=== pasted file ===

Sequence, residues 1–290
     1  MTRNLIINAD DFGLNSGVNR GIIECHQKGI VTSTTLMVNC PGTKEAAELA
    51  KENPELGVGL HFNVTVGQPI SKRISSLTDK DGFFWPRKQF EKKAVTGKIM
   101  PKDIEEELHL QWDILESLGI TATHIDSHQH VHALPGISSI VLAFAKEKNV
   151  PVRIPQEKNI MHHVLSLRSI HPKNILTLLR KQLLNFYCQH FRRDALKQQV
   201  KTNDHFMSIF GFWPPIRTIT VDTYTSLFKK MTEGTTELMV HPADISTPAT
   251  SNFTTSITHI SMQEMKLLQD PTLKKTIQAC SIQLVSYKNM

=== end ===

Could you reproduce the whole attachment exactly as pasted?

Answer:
Sequence, residues 1–290
     1  MTRNLIINAD DFGLNSGVNR GIIECHQKGI VTSTTLMVNC PGTKEAAELA
    51  KENPELGVGL HFNVTVGQPI SKRISSLTDK DGFFWPRKQF EKKAVTGKIM
   101  PKDIEEELHL QWDILESLGI TATHIDSHQH VHALPGISSI VLAFAKEKNV
   151  PVRIPQEKNI MHHVLSLRSI HPKNILTLLR KQLLNFYCQH FRRDALKQQV
   201  KTNDHFMSIF GFWPPIRTIT VDTYTSLFKK MTEGTTELMV HPADISTPAT
   251  SNFTTSITHI SMQEMKLLQD PTLKKTIQAC SIQLVSYKNM